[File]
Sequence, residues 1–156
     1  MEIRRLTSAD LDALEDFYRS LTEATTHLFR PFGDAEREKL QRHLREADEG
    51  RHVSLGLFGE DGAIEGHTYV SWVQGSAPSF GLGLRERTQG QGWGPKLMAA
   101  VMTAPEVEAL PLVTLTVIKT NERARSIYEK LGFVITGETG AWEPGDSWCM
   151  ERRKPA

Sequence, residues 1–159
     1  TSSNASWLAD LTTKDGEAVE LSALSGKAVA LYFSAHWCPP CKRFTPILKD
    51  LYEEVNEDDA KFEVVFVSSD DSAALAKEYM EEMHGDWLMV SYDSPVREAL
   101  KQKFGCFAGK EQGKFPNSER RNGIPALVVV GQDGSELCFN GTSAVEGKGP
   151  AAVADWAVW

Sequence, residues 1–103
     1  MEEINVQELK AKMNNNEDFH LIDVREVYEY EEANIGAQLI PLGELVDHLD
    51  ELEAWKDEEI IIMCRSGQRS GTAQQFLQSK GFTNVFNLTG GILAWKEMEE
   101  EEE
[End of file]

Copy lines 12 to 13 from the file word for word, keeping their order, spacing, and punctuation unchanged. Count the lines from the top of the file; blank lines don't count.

     1  MEEINVQELK AKMNNNEDFH LIDVREVYEY EEANIGAQLI PLGELVDHLD
    51  ELEAWKDEEI IIMCRSGQRS GTAQQFLQSK GFTNVFNLTG GILAWKEMEE